A streak of white light cut across the azure blue sky --
Okay, stop right there. What's wrong with this sentence?
The thing that stands out to me is "azure blue sky." Why? Because it's wasteful. You only get so many words per book. Don't waste even one. You don't need to say, "azure *blue* sky" since azure means "pale blue." That's like saying, "the pale blue blue sky."
Yeah, I know we all tend to zip through the first draft, waxing poetic, as they say, and don't take time to edit our lyrical voices. And the second draft focuses on dialogue (or continuity or chapter hooks or ...), but what about the fifteenth draft? Somewhere along the weary staircase of drafts, we have to stop, catch our breath, and take a close look at the actual words we've used.
Examine your writing. Have you used two words when one would do? On the other hand, did you use one word when two or ten would have been better?
Your characters are stranded on a boat, in the middle of a seemingly endless sea. You write, "Dark clouds approached."
Look at what George R. Stewart wrote in Storm:
"Hour by hour the cloud-deck grew lower and thicker and darker; swift-blown scud sped beneath the low stratus, seeming to skim the wave-crests."
Wow, much tenser than "Dark clouds approached."
Whether you're trying to chisel down your words or use the exact words to evoke an emotion, go through your manuscript and look for the opportunities to make use of the language. No need to say a character's ears were large and projected outward from his head when you could say he was jug-eared.
Think about your descriptions. Sometimes it's the little things that say the most. As an example, read this sentence by V.S. Naipaul in Guerrillas:
"A triangle of white light was advancing from the porch into the sitting room, over the curling edge of the electric-blue carpet, which lay untacked on the terrazzo floor."
"Porch" and "sitting room" evoke almost genteel images. "Electric-blue" seems rather modern. But the words that really get to the core are "curling edge" and "untacked." Without those miniscule details, the sentence would have a whole different meaning.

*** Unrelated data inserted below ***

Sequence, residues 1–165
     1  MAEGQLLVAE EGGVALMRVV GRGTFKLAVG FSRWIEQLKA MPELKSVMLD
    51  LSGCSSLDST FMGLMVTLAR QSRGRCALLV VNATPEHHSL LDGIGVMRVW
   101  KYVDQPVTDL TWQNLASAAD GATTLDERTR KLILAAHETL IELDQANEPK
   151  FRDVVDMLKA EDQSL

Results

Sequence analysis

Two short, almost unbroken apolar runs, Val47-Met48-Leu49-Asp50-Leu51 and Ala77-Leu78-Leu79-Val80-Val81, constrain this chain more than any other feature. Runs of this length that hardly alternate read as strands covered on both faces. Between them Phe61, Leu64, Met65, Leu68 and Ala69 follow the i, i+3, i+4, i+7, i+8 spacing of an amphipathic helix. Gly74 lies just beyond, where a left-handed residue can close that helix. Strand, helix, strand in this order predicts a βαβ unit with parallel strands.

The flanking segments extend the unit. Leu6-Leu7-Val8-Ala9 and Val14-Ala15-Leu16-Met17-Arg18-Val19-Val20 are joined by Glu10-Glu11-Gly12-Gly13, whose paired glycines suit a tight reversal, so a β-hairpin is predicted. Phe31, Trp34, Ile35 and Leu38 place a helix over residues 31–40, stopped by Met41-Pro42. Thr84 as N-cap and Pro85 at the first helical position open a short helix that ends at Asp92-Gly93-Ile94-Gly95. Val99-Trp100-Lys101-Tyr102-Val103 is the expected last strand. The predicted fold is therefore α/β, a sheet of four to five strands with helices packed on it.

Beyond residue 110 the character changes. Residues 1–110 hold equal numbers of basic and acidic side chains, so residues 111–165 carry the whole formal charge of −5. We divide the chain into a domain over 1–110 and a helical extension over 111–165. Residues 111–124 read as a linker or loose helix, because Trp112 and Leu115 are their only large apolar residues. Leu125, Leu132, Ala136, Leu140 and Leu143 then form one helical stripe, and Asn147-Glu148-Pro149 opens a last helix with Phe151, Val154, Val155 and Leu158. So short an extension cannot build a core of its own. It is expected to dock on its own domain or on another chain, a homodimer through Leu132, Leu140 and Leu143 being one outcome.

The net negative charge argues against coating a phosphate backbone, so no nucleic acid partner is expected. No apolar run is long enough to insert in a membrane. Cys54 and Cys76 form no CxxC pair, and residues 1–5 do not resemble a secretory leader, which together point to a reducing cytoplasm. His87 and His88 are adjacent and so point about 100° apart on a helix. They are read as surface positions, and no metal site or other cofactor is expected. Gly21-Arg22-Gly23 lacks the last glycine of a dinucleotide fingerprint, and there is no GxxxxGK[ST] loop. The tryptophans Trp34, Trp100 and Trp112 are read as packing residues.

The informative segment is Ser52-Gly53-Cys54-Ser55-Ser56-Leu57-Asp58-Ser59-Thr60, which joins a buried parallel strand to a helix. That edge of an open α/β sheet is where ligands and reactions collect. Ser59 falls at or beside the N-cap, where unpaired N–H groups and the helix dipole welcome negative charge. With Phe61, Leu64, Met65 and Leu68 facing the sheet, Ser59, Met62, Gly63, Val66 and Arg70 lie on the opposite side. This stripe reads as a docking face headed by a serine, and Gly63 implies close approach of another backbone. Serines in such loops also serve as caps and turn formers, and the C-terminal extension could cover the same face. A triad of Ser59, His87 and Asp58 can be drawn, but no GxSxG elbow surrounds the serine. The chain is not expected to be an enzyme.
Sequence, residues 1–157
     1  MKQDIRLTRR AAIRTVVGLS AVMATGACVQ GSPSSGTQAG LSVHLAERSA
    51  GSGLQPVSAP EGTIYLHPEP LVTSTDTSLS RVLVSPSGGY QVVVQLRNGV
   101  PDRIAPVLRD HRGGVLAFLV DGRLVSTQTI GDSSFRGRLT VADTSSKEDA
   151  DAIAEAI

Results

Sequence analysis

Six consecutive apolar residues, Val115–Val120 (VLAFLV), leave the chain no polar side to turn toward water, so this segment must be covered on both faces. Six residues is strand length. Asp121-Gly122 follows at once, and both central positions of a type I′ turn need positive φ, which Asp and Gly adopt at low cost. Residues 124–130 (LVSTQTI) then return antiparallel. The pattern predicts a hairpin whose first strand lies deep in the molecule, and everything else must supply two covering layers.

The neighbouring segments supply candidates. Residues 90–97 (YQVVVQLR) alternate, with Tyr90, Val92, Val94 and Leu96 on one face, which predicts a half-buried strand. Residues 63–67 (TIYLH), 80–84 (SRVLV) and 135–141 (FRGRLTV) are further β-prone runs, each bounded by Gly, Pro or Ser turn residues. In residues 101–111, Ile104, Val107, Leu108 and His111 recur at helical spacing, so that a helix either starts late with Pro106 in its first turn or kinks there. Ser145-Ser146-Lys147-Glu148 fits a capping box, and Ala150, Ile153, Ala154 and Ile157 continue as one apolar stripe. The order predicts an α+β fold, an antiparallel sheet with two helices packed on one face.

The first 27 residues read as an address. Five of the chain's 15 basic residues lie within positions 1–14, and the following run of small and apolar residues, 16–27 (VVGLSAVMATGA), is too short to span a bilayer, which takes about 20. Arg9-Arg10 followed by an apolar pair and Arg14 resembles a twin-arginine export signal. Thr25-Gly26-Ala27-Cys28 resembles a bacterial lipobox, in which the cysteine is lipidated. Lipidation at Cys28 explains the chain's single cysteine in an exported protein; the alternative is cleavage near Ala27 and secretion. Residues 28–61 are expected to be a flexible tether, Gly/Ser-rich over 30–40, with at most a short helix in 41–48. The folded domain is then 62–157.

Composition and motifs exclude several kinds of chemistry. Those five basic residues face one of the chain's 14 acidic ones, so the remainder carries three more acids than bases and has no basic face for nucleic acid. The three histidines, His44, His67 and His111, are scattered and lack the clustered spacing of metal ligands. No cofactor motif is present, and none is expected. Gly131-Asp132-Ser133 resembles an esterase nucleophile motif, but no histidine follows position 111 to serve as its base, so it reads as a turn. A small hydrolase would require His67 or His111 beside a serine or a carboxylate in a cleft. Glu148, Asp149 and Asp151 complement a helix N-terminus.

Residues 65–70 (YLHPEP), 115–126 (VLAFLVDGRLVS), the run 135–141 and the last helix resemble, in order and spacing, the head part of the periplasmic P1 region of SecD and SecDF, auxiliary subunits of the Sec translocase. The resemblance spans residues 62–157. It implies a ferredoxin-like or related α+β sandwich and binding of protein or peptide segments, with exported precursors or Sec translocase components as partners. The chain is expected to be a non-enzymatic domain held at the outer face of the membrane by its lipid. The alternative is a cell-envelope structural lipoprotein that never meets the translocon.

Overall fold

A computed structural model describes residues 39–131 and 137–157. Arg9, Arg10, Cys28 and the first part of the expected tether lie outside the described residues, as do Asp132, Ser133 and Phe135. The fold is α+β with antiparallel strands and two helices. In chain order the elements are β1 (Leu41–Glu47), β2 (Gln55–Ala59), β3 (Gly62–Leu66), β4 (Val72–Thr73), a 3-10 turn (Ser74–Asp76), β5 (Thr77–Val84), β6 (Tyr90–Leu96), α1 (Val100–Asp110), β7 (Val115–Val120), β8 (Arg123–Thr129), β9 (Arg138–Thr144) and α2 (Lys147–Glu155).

What could you say about an object or a scene or a character that would be so right-on it would be unforgettable or would bring that image into sharp focus? Look at this from Rumer Godden in _Black Narcissus_:
"The woman's face was Chinese, brown and withered like a ginger root; she wore dark blue clothes, a necklace of turquoises and sharp little silver knives, and her hair in pigtails like two grey wires."
I don't think I'm going to forget a face withered like ginger root and pigtails that look like two grey wires.
What you're describing may not require eloquent words. The mood may need starkness. Here's Margaret Atwood in The Handmaid's Tale:
"When I'm naked I lie down on the examining table, on the sheet of chilly crackling disposable paper. I pull the second sheet, the cloth one, up over my body. At neck level there's another sheet, suspended from the ceiling. It intersects me so that the doctor will never see my face. He deals with a torso only."
Look for just the right words that evoke the emotion, the image, the soul of what you want to say or describe. It's not necessarily easy. It may take many rewrites and a lot of searching for the telling aspects and perfect words. But when you get it right, it can be an epiphany. The azure blue sky opens up and releases a torrent of beautiful, shining words onto your manuscript.
Okay, maybe not an azure *blue* sky.
2 weeks ago